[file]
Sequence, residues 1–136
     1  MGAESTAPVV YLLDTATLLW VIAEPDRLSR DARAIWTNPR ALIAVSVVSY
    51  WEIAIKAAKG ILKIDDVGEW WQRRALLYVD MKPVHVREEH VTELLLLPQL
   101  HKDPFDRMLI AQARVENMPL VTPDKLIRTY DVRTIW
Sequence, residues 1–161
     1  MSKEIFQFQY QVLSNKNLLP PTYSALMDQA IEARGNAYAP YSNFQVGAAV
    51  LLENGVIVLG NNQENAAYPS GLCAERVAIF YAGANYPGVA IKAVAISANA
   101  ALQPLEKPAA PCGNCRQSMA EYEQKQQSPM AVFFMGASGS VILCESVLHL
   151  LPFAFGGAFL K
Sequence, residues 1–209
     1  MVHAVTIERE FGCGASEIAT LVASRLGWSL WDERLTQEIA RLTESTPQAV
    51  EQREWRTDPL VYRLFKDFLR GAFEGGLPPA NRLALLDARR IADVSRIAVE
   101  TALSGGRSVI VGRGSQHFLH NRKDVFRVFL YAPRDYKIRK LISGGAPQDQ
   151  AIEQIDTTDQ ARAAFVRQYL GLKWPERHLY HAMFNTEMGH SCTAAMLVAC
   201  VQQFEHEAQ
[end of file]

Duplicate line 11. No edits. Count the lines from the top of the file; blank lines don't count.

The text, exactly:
     1  MVHAVTIERE FGCGASEIAT LVASRLGWSL WDERLTQEIA RLTESTPQAV